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That is why, this year, 2017, also represents for the Romanian Patriarchate a moment of commemoration and gratitude for all those who suffered professing the faith during the atheist communist regime in Romania. Thus, we commemorate Patriarch Justinian Marina, a wise and diligent shepherd of the Romanian Orthodox Church between 1948-1977, 40 years after his passing to the Lord, as well as all the defenders of Orthodoxy during communism in the Romanian Patriarchate. Knowing the many sufferings of the Russian Orthodox Church during communism, Patriarch Justinian managed to avoid a direct confrontation with the communist regime in Romania and to alleviate its hostility against the Church. However, many priests suffered in prisons, and many monks and nuns were excluded from monasteries.
The tragic experience of Christian-Orthodox peoples in Eastern Europe in the 20th century was a hard trial for all those who professed the Orthodox faith at the cost of their lives. For this reason, on 27 October 2017, at the Patriarchal Cathedral in Bucharest under the liturgical leadership of His Beatitude Patriarch Kirill of Moscow and All Russia, the representatives of the sister Orthodox Churches from the countries of Eastern Europe who suffered during communism commemorated all the confessors and defenders of Orthodoxy during the communist persecution. It was a liturgical act of fraternal communion and great solemnity, followed on 28 October 2017 by a series of moving testimonies on the life of the sister Orthodox Churches during communist persecution.
Now, at this anniversary moment in Moscow, namely the centenary of the restoration of the Patriarchate of the Russian Orthodox Church, attended by representatives of all the sister Autocephalous Orthodox Churches, we are in a situation different from the period of the communist persecution, a period of freedom in confessing the faith, but also of a great pastoral responsibility in front of the new problems of the contemporary society. On the occasion of this solemn moment, we congratulate His Beatitude Patriarch Kirill of Moscow and All Russia, all the hierarchs, clergy, monks, nuns, and all the lay faithful of the Russian Orthodox Church for their many efforts to renew church life and for the active presence of the Church in the life of the Russian society, after almost a century of suffering caused by the persecution against religion in general and against the Russian Orthodox Church in particular.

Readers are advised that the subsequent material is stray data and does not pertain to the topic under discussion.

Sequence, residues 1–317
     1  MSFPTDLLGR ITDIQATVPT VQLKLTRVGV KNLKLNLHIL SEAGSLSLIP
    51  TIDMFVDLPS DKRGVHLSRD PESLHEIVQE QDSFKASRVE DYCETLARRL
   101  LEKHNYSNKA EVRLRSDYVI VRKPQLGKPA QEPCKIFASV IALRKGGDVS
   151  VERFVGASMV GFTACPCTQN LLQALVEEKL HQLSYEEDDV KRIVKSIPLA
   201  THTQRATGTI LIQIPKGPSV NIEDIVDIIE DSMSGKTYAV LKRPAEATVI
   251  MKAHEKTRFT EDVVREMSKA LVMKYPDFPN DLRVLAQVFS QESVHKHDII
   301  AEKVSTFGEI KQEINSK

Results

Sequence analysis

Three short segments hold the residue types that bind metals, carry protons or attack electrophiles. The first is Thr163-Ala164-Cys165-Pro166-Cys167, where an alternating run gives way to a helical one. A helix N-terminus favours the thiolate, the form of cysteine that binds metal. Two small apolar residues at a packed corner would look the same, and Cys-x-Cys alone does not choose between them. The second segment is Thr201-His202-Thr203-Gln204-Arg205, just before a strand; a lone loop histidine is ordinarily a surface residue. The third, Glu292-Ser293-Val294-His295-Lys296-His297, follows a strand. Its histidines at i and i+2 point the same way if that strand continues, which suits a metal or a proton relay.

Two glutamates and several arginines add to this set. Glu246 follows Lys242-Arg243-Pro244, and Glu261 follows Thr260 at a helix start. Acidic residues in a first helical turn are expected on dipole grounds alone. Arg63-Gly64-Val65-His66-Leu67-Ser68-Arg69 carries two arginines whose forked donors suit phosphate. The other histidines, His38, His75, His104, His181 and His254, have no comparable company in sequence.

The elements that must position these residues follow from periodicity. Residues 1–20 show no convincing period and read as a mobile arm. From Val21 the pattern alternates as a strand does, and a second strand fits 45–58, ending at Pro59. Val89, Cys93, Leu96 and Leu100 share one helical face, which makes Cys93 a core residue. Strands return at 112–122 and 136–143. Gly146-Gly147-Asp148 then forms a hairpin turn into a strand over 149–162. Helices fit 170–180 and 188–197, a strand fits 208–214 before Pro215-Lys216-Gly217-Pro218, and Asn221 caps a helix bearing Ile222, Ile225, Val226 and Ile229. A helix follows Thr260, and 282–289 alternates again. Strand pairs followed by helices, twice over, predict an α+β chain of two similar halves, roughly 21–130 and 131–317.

At the same time, in today’s world marked by a process of rapid secularisation and also by religious pluralism, which is increasingly accentuated by the phenomenon of immigration, priority is given to: maintaining the unity in faith of Orthodoxy, cultivating solidarity with those who suffer, and practical missionary cooperation.
Although, during the communist persecution, freedom of social manifestation of faith was very limited, yet, many clergy and lay people discretely cultivated the inner or spiritual liberty of prayer in patience and hope, that is the freedom of crucified and humble love which prepared the victory of the resurrection, of the renewal of the Church life. Today, when we have more social freedom, we must use it to love God more and increase the missionary and philanthropic work of the Church in society.
Patriarch of the Romanian Orthodox Church
 Cf. N. LOSSKY, art. “Patriarcat”, in Dictionnaire critique de théologie, 3ème édition, PUF, Paris, 2007, p. 1044.
 See L. STAN, “The Canonical and Legal Importance of the Fourth Ecumenical Council”, in Ortodoxia 3 (1951), p. 446. See also: M. CLÉMENT, “L’aparition du patriarcat dans l’Église (IVe-Ve siècles)”, in Proche-Orient Chrétien 16 (1966), pp. 162-173.